“The Arminians say, ‘Christ died for all men.’ Ask them what they mean by it. Did Christ die so as to secure the salvation of all men? They say, ‘No, certainly not.’ We ask them the next question: Did Christ die so as to secure the salvation of any man in particular? They answer ‘No.’ They are obliged to admit this, if they are consistent. They say, ‘No; Christ has died that any man may be saved if ?’ and then follow certain conditions of salvation. Now, who is it that limits the death of Christ? Why, you. You say that Christ did not die so as infallibly to secure the salvation of anybody. We beg your pardon, when you say we limit Christ’s death; we say, ‘No, my dear sir, it is you that do it.’ We say Christ so died that he infallibly secured the salvation of a multitude that no man can number, who through Christ’s death

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The Cross Offers a Glimpse into the Heart of God

By Trevin Wax: The cross offers a glimpse into the heart of a God who is willing to bewith us in death and suffering. But we need more than a God who knows our pain. We need mercy for our own contributions to the pain in the world. Christ’s death is not merely a picture of God with us. It is also a picture of a God willing to stand in our place. Jesus Christ dies instead of us. He not only identifies with our suffering caused by our sin; He also enters into our sorrow and makes it His own. He takes our sin and its consequences upon Himself so that we can be free. He experiences the full force of God’s wrath toward sin in order that we might be saved. Only the cross satisfies God’s demand for justice and our desire for mercy. Picture the first humans in the garden of Eden in uninterrupted fellowship with God and each other. They

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The Suffering Son of Man: A Glimpse into Jesus’ Own Christology

By Luke Stamps: It is commonly recognized that the title “Son of Man” was Jesus’ favorite self-designation.  It is also noteworthy that its usage is relatively unique to Jesus himself; in only three other places in the New Testament does a subject other than Jesus use this term as a reference to Jesus (Acts 7:56; Revelation 1:13; 14:14).  But what did Jesus mean when he called himself the Son of Man?  Jesus’ use of this title is one of the most intriguing aspects of his own Christology—his own understanding of the identity and mission of the Messiah. Most admit that Daniel 7 lies in the background of Jesus’ usage of the term.  There, Daniel describes “one like a son of man” who approaches the Ancient of Days, that is, the Lord himself, and is given “dominion and glory and a kingdom, that all peoples, nations, and languages should serve him; his dominion is an everlasting dominion, which shall not pass

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A powerful argument

“Such was the dignity, value, and completeness of Christ’s satisfactions, that in strict justice it merited our redemption and full deliverance. If he be made a curse for us, we must then be redeemed from the curse, according to justice. “He is just to forgive us our sins.” (1 John 1:9) What an argument is here for a poor believer to plead with God! Lord, if thou save me by Jesus Christ, thy justice will be fully satisfied at one full payment; but if thou damn me, and require satisfaction at my hands, thou canst never receive it: I shall make but a dribbling payment, though I lie in hell to eternity, and shall still be infinitely behind with thee. Is it not more for thy glory to receive it from Christ’s hand, than to require it at mine? One drop of his blood is more worth than all my polluted blood.” — John Flavel The Fountain of Life (HT: Of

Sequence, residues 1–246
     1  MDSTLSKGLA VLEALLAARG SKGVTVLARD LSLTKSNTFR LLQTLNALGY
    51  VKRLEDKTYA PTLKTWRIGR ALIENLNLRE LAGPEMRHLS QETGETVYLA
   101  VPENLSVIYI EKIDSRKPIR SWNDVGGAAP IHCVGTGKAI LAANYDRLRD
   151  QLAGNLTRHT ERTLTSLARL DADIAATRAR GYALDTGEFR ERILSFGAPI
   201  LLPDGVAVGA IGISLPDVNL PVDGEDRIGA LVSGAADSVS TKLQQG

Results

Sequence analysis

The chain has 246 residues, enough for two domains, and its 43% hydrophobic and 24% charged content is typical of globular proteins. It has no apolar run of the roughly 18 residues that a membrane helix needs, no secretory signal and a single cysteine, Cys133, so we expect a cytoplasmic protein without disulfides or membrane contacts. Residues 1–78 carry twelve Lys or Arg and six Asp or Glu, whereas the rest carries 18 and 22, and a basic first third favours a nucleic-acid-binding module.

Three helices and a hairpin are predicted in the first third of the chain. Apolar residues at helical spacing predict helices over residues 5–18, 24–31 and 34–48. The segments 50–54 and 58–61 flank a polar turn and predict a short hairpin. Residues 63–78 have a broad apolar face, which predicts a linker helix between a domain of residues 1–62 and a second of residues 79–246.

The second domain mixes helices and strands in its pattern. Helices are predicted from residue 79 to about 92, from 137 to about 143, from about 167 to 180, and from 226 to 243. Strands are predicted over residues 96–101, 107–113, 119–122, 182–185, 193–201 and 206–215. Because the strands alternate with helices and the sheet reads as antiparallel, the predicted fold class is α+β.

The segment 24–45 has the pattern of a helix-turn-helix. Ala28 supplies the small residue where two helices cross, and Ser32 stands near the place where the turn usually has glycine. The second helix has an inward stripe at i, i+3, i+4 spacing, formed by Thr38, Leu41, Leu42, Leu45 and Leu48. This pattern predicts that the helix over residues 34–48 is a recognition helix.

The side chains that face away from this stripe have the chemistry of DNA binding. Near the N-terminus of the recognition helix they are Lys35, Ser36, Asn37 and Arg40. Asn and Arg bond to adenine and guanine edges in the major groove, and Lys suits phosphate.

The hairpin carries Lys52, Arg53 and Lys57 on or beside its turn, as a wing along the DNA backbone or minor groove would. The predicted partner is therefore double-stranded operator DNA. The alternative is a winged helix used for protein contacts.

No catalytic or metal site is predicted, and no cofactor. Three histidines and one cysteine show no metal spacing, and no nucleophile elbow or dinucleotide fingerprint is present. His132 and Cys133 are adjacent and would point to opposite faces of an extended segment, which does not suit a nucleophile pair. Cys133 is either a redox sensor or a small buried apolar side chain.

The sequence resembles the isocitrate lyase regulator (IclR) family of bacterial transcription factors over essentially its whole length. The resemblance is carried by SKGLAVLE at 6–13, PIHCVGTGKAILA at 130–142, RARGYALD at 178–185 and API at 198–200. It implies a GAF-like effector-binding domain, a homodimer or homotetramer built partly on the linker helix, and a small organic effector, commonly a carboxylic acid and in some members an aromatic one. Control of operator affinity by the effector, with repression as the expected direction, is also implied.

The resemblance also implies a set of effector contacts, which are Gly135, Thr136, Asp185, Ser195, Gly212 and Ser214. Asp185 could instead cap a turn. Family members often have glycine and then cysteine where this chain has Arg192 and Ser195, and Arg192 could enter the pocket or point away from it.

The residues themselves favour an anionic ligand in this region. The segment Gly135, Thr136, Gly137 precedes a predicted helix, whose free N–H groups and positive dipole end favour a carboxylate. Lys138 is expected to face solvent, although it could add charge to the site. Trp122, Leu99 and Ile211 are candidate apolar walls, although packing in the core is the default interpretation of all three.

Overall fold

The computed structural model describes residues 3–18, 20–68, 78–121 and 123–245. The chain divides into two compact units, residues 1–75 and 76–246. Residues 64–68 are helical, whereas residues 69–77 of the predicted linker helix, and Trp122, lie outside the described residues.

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When we see the necessity of the atonement

“All inadequate doctrines of the atonement are due to inadequate doctrines of God and man. If we bring God down to our level and raise ourselves to his, then of course we see no need for a radical salvation, let alone for a radical salvation to secure it. WHen, on the other hand, we have glimpsed the blinding glory of the holiness of God, and have been so convicted of our sin by the Holy Spirit that we tremble before God and acknowledge what we are, namely ‘hell-deserving sinners’, then and only then does the necessity of the cross appear so obvious that we are astonished we never saw it before.” — John Stott The Cross of Christ (Downers Grove, Ill.: InterVarsity Press, 1986), 109 (HT: Of First Importance)

The soul and substance of the divine message

“The heart of the gospel is redemption, and the essence of redemption is the substitutionary sacrifice of Christ. They who preach this truth preach the gospel in whatever else they may be mistaken; but they who preach not the atonement, whatever else they declare, have missed the soul and substance of the divine message.” CH Spurgeon – Spurgeon at his Best, p.17

6 Things Christ accomplished by his death

Here’s a very brief summary of the six core things Christ accomplished in his death, by Matt Perman: 1. Expiation Expiation means the removal of our sin and guilt. Christ’s death removes — expiates — our sin and guilt. The guilt of our sin was taken away from us and placed on Christ, who discharged it by his death. Thus, in John 1:29, John the Baptist calls Jesus “the Lamb of God who takes away the sin of the world.” Jesus takes away, that is, expiates, our sins. Likewise, Isaiah 53:6 says, “The Lord has caused the iniquity of us all to fall on him,” and Hebrews 9:26 says “He has been manifested to put away sin by the sacrifice of Himself.” 2. Propitiation Whereas expiation refers to the removal of our sins, propitiation refers to the removal of God’s wrath. By dying in our place for our sins, Christ removed the wrath of God that we justly deserved. In fact,

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The Problem with Christus Victor